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05 May 2003 @ 06:03 pm
pro and fan-fiction  
Was thinking on the way home about those little Riley/Spike WWII scenes in my head, and about the difference between writing pro and fan-fiction. I am not going to write such a story even as fan-fiction because I'd be sure to get bogged down in historical research and by the time I got done--god knows how many months later--I'd probably be disgusted with every single line of the story because it felt inauthentic.

How much worse then, to imagine writing something like that for publication. I'd probably spend years writing and researching it, and at the end I'd be like, "Okay, why the fuck did I write a gay Nazi spy romance set sixty years before I was even born?" The very idea is politically suspect and in fact rather ludicrous. Can you say, Kiss of the Spider Woman?

I don't even get, to start with, how people can write historically without years of preparation. I guess that's what some people have--immersion in historical studies of a period which creates confidence that their writing has accuracy of detail. But me, personally, I feel enough like a faker now that any attempt to write outside what I know would probably rip me into little pieces.

Except I don't know a whole lot. Which goes back to the question of why I don't write pro fiction: because I have no sense of authenticity even as a human being. If I tried to write a book about a thirtyish woman living in Seattle, I'd still feel like I was missing the truth, because my own life is not representative. It's lame. It's far easier to make up shit in the Buffyverse than to try to capture real life. Because I don't know what that is.

Another cool thing about fan-fiction is that you have a set of readers who care already about the characters and what you do to them. Whereas every original novel is a learning curve, a crap shoot. Like, if I tried to write an original novel about a group of friends in California who battle evil and then one day evil takes over their town and demons subjugate them, etc etc--Noir--what's the point, really? I'd just be writing one more book to compete against thousands of other fantasy and sci-fi books out there, and I don't even know why I'd be writing.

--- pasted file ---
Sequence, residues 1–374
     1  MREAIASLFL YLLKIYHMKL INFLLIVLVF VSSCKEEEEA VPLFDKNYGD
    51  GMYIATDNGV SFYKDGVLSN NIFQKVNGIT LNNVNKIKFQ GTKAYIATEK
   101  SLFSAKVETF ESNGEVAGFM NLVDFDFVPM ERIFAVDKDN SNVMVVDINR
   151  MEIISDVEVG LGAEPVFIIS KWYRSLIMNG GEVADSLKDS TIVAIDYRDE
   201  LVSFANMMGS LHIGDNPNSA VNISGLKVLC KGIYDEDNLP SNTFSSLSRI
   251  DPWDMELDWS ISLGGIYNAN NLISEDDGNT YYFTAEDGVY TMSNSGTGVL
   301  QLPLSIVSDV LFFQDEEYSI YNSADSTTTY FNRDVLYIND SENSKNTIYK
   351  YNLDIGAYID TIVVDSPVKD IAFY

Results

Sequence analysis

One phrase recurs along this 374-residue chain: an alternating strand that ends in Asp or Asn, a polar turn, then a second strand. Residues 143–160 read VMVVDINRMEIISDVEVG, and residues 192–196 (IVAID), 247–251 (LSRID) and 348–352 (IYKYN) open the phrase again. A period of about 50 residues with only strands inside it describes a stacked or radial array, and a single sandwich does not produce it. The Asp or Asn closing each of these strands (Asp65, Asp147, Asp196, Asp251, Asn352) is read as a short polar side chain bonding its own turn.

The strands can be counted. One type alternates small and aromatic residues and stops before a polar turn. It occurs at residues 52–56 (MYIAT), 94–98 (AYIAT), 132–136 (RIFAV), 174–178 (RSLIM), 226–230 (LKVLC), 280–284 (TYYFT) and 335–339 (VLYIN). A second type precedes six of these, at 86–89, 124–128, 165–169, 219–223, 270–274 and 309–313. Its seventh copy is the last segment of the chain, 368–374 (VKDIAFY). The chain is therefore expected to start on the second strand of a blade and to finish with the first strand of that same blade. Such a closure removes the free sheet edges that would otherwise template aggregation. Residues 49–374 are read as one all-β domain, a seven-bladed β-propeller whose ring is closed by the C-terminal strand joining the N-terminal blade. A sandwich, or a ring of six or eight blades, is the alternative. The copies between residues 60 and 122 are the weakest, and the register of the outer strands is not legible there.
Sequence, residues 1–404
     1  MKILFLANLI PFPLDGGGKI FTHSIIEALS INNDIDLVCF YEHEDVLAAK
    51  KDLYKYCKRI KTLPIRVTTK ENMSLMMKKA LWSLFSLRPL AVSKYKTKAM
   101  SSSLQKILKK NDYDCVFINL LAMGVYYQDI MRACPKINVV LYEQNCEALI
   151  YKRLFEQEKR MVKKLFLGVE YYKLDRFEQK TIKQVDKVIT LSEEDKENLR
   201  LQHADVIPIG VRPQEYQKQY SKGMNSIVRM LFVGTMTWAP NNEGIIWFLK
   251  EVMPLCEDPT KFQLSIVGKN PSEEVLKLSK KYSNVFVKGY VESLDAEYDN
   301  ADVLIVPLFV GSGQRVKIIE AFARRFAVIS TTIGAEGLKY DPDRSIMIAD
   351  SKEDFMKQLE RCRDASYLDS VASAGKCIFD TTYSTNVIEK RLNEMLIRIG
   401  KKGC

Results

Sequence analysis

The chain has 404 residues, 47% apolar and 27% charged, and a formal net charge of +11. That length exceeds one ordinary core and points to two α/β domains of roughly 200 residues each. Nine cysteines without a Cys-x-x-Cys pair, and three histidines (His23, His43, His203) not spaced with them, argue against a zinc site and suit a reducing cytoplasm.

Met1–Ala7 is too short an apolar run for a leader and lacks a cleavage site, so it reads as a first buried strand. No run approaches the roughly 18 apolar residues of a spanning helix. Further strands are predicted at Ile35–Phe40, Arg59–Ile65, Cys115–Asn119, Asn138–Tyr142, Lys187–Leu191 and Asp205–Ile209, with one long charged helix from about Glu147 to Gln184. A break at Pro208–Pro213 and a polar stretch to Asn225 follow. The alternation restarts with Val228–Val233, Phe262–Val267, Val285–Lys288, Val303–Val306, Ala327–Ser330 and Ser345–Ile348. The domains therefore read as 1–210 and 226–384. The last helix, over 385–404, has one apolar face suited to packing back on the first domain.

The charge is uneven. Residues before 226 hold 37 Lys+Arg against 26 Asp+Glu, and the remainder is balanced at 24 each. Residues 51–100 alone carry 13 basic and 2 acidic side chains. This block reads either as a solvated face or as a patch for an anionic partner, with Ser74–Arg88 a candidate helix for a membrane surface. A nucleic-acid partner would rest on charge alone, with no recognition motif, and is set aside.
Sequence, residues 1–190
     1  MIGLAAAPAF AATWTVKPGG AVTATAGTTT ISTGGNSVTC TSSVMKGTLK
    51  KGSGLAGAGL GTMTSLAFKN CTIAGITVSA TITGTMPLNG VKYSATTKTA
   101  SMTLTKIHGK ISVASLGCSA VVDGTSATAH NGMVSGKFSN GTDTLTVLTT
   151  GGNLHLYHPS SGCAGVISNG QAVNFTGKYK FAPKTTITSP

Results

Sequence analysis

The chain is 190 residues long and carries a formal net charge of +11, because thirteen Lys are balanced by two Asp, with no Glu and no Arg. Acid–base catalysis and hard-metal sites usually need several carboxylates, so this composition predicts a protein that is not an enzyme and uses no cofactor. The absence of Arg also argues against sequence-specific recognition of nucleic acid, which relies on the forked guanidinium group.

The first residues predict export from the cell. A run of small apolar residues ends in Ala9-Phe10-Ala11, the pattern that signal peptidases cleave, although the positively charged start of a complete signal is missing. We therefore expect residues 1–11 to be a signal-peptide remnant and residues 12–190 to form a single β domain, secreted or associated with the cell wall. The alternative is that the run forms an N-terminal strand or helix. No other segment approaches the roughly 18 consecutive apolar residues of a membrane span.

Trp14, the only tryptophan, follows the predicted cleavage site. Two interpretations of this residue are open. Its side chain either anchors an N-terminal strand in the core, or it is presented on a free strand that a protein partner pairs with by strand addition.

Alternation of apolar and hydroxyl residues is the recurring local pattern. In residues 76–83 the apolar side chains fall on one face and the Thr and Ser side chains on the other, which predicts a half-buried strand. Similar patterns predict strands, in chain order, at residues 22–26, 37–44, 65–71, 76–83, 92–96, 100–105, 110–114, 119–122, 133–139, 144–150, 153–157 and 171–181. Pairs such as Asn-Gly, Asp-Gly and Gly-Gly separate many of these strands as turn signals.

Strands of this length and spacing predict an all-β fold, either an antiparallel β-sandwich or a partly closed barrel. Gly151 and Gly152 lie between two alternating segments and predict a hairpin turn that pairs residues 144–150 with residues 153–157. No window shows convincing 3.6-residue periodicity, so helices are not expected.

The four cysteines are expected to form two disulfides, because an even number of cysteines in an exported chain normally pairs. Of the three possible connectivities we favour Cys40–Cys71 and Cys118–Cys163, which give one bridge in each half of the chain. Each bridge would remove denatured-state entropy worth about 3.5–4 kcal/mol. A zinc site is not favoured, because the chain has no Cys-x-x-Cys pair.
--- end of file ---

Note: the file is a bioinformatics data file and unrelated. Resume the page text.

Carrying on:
I'm not big on religion, but to make an analogy, it's like Buffy and gang are gods and goddesses, their canon is the Bible, their metaphysics is a belief system, their adventures are our myths, and the ritual of weekly watching is our communal celebration--if you have all this, why would you go off and create your own fringe religion, with some made-up god to worship?

That analogy goes back to the feeling I've held for years, that television shows are often like Homeric myths--folk tales shared and circulated by people within a culture, with culture heroes and the bardic retelling of stories, each author reworking canon with her own unique voice, giving it her imprint.

Of course, that's a failed analogy because what if Joss had never thought up Buffy and made it happen? Then Star Trek would be the only one true universe, Kirk the only god...scary thought. And I have nothing against original works. I love original works. I just apparently can't figure out how to write them.

Yadda yadda. I should be making dinner, but it seems so much effort to chop things and cook them and eat.


 
 
 
do you want orcs? because this is how you get orcs: Whimperkita0610 on May 5th, 2003 06:36 pm (UTC)
That analogy goes back to the feeling I've held for years, that television shows are often like Homeric myths--folk tales shared and circulated by people within a culture, with culture heroes and the bardic retelling of stories, each author reworking canon with her own unique voice, giving it her imprint.
***

That's just...so much word.

It's odd though, because I always assumed you wrote pro-fiction.
Angelvalarltd on May 5th, 2003 06:40 pm (UTC)
I've written some historical fanfic (Viking!Luke). I could get away with it because of years of SCA research, and extensive library on the Norse and good reference sites. (Hail Gunnora, Viking Answer Lady!)

I totally agree that media is a religion. I got into fandom at the same time I got into Christianity on a personal level. I also started reading classical and nordic mythology at the same time. (I was 9). They all spoke to the same need. And the cool thing about the net is now I'm no longer a solo practitioner in a world of atheists, but a Solo (and Skywalker) practitioner in church of likeminded folk.